Schmitt was by far the most intellectually challenging anti-liberal statist of the twentieth century. His deepest objections to liberalism were anthropological. Classical liberalism assumes the autonomy of self-sufficient individuals and treats conflict as a function of faulty social and institutional arrangements; rearrange those arrangements, and peace, prosperity, learning, and refinement will follow. Schmitt assumed the priority of conflict: Man is a political creature, in the sense that his most defining characteristic is the ability to distinguish friend and adversary. Classical liberalism sees society as having multiple, semi-autonomous spheres; Schmitt asserted the priority of the social whole (his ideal was the medieval Catholic Church) and considered the autonomy of the economy, say, or culture or religion, as a dangerous fiction. (“The political is the total, and as a result we know that any decision about whether something is unpolitical is always a political decision.”) Classical liberalism treats sovereignty as a kind of coin that individuals are given by nature and which they cash in as they build legitimate political institutions for themselves; Schmitt saw sovereignty as the result of an arbitrary self-founding act by a leader, a party, a class, or a nation that simply declares “thus it shall be.” Classical liberalism had little to say about war and international affairs, leaving the impression that, if only human rights were respected and markets kept free, a morally universal and pacified world order would result. For Schmitt, this was liberalism’s greatest and most revealing intellectual abdication: If you have nothing to say about war, you have nothing to say about politics. There is, he wrote, “absolutely no liberal politics, only a liberal critique of politics.”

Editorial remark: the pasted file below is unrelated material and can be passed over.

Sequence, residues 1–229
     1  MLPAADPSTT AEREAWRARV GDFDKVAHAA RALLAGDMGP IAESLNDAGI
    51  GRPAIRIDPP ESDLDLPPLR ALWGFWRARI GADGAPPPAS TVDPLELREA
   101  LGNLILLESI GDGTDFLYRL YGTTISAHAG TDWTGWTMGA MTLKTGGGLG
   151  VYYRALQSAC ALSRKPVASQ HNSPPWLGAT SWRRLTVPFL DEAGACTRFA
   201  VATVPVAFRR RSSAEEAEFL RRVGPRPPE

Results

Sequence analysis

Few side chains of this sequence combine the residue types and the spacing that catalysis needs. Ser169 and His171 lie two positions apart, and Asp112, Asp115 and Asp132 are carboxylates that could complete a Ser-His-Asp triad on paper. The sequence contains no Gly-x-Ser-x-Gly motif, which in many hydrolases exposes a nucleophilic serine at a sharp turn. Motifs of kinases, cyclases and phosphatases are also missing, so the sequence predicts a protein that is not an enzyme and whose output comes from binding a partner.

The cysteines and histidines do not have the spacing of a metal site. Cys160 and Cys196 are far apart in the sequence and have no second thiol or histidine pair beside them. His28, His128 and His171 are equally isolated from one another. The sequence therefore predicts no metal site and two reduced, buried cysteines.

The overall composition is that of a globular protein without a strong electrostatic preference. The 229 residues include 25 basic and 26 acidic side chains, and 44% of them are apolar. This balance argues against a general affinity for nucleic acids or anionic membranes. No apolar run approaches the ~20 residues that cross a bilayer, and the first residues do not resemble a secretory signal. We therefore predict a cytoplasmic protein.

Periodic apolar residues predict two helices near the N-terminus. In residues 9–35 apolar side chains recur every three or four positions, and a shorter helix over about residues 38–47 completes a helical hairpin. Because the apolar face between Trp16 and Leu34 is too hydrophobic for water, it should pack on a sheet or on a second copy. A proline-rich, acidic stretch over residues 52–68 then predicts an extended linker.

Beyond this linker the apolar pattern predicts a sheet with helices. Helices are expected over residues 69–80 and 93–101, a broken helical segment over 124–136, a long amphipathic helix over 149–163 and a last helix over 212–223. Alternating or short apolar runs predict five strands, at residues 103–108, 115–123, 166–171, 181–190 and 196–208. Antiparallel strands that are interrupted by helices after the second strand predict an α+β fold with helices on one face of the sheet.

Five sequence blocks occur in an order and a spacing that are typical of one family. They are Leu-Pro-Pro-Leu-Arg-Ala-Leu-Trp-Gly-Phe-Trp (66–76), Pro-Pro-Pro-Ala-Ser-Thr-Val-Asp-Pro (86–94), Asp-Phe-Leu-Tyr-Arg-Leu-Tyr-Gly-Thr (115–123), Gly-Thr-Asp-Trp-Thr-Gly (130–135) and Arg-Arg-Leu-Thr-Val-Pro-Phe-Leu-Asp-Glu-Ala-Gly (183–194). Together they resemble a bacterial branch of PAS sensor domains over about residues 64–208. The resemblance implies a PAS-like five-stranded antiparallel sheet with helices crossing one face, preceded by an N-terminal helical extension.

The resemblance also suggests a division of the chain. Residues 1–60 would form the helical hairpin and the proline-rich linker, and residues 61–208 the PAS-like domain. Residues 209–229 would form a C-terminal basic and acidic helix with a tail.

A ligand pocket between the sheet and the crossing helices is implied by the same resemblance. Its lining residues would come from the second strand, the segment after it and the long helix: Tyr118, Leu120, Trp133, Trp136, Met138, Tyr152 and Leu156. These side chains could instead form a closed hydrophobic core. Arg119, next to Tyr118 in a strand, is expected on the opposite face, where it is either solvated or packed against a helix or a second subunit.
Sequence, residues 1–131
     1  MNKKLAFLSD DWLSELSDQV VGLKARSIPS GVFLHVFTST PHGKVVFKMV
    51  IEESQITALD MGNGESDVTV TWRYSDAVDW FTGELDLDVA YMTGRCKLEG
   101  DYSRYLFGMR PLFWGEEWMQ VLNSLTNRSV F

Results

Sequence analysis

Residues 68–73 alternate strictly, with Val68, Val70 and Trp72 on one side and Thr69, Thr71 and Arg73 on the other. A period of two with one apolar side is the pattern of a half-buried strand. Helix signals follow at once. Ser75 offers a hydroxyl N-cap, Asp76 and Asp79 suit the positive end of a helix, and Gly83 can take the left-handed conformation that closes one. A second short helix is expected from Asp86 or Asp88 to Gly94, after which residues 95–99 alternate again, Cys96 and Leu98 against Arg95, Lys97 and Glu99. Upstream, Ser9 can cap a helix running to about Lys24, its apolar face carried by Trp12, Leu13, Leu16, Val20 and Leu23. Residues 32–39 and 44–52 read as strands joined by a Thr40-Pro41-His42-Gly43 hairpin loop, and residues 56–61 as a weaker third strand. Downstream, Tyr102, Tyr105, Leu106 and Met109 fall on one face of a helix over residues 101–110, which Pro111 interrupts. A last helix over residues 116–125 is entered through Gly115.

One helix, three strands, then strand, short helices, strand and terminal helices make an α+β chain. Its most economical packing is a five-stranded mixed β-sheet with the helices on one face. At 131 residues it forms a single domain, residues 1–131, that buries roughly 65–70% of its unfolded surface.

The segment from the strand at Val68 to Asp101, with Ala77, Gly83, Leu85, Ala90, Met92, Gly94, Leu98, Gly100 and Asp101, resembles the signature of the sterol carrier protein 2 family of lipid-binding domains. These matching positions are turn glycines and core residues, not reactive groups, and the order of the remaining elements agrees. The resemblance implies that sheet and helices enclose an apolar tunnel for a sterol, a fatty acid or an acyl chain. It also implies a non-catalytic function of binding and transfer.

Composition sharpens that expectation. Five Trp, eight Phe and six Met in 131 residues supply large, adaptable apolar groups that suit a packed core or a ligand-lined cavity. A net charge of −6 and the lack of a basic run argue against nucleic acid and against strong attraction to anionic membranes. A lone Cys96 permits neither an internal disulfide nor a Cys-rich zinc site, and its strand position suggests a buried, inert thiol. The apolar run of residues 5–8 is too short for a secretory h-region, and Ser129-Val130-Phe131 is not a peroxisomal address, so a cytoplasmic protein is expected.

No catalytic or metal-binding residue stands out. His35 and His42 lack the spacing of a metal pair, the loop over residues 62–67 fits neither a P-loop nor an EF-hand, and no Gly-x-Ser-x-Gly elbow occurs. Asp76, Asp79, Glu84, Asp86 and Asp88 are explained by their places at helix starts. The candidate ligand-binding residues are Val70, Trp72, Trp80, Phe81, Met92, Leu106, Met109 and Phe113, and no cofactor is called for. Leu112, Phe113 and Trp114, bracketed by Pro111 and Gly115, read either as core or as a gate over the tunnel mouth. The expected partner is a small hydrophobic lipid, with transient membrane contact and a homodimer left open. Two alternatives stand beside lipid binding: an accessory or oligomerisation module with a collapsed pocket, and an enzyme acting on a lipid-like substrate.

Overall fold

Given the widespread dissatisfaction with the pace and character of China’s economic modernization, and the perception that it is neoliberalism at work, these ideas of Schmitt seem beyond wise; they seem prophetic. For the left, he explains, without appeal to Marxism, why the distinction between economy and politics is false and pernicious, and how liberalism functions as an ideology, ignoring or explaining away phenomena central to political life. His idea of sovereignty, that it is established by fiat and is supported by a hidden ideology, also helps the left make sense of the strange hold free-market ideas have on people today and gives them hope that something—a disaster? a coup? a revolution?—might reestablish the Chinese state on foundations that are neither Confucian, Maoist, nor capitalist. (This is where the mystique comes in.)